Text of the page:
Our first workshop was packed and the energy was really wonderful. Particular thanks to Lisa Haskell, Carlos Ronceros, and Ellie McHugh who put in so much to make the workshop such a success and thanks to everyone who came and made such exciting first steps to exploring what 'big data' really means to people.
What inspired Fossbox to develop these workshops was our experience of working with communities to develop a 'big data' approach to mapping wheelchair accessible routes for wheelchair users with OSM Smart. This raised a lot of people's concerns both around what might happen to their data and a particular sense of vulnerability for people with disabilities around location data. We also ran up against challenges in putting across exactly how it would work and exploring what the issues might be.
We work in research collaborations with universities and we're also encountering research concerns about a lack of ethical frameworks for big-data research design and applications. What's happening is that big data implementations are steaming way ahead of public understanding and civil engagement. We're moving towards a city run by machine-intelligence (really! not entirely science fiction any more . . . ) and this has some potentially scary implications for everything from urban regeneration to policing, jobs, traffic, safety, regulation - and many more areas of public concern. Another area where people are increasingly concerned is the amount of data being collected about individuals and how this data is being used. Women and LGBTQ are also groups which experience particularl vulnerabilities relating to social media and big data. We decided to start by exploring issues around gender and sexuality.
Difficulties abound in trying to engage public participation and discussion relating to these issues as the basic concepts can be tough to get your head around. An ever-increasing number of people care passionately about this - but how do you find out what's going on and understand the debate? Mozilla's UX research around privacy indicates that people are aware of and concerned about invasion of privacy but feel helpless to understand or intervene. We wanted to start experimenting on how we could use art and design to explore more accessible ways of talking about and engaging with 'big data', 'future cities' and 'internet of things' issues.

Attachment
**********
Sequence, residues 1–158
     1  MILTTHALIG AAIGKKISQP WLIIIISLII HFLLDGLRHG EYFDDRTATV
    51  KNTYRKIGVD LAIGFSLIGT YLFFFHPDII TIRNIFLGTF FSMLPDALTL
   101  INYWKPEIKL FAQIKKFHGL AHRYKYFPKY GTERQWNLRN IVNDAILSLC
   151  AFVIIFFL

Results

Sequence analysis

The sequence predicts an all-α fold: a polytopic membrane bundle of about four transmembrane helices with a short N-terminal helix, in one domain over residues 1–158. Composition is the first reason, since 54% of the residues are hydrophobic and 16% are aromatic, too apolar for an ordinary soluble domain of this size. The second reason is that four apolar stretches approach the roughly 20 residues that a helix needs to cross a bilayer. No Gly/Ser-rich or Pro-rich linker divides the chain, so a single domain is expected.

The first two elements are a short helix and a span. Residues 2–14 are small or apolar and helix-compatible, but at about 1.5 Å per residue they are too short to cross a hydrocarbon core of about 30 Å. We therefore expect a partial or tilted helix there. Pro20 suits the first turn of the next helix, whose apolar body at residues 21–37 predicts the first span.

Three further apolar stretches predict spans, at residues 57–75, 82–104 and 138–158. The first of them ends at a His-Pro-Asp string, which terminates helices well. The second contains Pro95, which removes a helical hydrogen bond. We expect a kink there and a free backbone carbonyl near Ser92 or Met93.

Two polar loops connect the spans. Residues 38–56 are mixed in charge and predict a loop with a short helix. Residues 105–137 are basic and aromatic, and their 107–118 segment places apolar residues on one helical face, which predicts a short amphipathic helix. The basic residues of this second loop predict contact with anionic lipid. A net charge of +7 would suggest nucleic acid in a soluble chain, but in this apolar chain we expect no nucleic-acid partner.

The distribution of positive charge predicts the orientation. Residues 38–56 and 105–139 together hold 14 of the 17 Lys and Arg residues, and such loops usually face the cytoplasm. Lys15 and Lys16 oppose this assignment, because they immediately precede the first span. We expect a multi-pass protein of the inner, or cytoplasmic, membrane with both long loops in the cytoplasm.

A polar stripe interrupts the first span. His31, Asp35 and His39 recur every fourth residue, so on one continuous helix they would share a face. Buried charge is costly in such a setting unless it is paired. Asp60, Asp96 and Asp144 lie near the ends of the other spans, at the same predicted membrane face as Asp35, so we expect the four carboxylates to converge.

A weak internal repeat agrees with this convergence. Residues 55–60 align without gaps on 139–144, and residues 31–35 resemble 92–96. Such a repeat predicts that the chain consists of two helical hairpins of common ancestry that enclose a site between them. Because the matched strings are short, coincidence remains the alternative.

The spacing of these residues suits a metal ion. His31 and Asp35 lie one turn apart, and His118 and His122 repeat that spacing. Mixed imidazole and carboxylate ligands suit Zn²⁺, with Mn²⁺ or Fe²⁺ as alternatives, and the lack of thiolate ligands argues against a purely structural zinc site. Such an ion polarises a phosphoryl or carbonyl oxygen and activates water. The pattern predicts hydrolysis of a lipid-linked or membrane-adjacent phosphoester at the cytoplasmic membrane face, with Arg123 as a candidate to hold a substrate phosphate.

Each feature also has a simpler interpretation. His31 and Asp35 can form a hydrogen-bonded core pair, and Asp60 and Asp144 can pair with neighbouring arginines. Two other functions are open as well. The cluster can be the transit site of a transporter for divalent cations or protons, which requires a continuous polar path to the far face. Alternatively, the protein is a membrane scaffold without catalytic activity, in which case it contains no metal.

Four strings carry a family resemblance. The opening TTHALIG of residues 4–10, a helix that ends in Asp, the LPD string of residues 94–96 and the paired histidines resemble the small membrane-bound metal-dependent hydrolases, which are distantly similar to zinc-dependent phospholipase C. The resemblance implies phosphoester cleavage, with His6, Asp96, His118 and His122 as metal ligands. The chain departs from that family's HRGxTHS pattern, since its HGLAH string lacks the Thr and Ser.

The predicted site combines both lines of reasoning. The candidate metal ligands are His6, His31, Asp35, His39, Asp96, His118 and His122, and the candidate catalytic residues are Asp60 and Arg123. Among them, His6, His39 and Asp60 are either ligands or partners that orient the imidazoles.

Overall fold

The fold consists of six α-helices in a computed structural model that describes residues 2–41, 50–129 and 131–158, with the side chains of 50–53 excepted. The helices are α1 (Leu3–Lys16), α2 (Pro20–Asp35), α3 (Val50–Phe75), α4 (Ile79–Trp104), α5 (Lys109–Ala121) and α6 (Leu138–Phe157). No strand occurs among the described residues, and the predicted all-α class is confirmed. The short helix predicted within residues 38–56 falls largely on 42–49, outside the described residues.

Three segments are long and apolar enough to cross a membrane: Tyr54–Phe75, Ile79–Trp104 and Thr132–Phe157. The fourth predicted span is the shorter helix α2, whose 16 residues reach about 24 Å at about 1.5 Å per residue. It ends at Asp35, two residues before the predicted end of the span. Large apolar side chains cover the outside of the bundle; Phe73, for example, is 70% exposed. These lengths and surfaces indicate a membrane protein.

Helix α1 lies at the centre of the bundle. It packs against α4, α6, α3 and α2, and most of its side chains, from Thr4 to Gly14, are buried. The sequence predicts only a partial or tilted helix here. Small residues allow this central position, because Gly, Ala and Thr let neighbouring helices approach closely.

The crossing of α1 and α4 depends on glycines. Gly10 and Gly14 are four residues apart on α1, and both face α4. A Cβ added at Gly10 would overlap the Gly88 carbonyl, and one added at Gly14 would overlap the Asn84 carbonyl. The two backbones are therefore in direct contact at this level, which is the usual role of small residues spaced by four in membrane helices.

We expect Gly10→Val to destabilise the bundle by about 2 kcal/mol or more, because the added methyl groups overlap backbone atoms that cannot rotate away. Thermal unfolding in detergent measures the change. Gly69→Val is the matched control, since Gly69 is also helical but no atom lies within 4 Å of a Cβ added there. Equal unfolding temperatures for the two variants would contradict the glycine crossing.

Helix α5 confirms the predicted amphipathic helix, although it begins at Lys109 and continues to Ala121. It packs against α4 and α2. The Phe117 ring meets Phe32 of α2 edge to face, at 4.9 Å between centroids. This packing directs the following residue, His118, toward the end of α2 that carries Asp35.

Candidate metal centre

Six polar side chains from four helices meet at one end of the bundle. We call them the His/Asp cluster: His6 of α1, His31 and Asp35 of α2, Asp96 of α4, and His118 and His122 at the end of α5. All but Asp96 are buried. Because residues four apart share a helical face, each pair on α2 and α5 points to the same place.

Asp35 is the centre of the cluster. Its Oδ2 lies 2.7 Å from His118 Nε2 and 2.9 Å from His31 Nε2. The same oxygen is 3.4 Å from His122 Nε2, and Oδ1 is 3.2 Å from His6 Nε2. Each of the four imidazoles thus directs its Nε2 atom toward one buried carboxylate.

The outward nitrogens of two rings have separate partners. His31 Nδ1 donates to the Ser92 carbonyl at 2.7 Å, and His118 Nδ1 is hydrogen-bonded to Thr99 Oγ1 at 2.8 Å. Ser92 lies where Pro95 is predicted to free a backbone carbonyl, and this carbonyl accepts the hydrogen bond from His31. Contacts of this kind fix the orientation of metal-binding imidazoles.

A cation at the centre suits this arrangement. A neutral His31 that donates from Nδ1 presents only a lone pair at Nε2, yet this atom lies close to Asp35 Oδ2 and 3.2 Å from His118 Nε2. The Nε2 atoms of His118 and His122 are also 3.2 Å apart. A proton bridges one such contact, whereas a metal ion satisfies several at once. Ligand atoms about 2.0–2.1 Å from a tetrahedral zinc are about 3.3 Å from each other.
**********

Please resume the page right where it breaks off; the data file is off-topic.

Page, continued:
Our first workshop was designed to get across some basic concepts in big data, privacy, security and circumvention technologies to find a 'way in' to the debates. We used some visual techniques to get to grips with how 'big data' and 'machine learning' work and how we can take small, personal, actions to protect our most confidential or personal information and communications safe. We did a little bit of design work and some initial discussions and shared some audio-visual materials. You can download the presentation outlining our activities for the day here.
We were so happy with the level of enthusiasm and how everyone really dived in and had fun. This was an experimental 'taster' so we didn't have time to go through all the different aspects in any detail or to do the practical work to get everyone completely up to speed on using the tools through the course of a single day but I have been exchnging encrypted communications with several participants and the feedback on the Meetup group has been amazing! I was particularly touched by personal feedback on the day. I think this really has been an overall success in putting across the basic concepts and creating a space for more focused discussion at the next session. We gathered quite a bit of feedback on our illustrated design posters too.
The second session will be on 22 March at Furtherfield Commons again. I'm adding a link to the correct map on the Furtherfield website to the Meetup page in hopes that people won't get lost this time! This second workshop will feature two workshops exploring people's experiences of the socially performative space of social media and part II of the design workshop Lisa and I started at the first session. We're also lucky enough to have a performance by Les Hutchins of his electronic composition using Lightbeam data to create a sonic 'visualisation' of browser data and we'll talk about Adam Curtis' new work. More details on Meetup and we'll post a programme soon.
We're also reaching out and developing partnerships for a second run of workshops in June 2015 and we'll be posting more info soon here and on Meetup.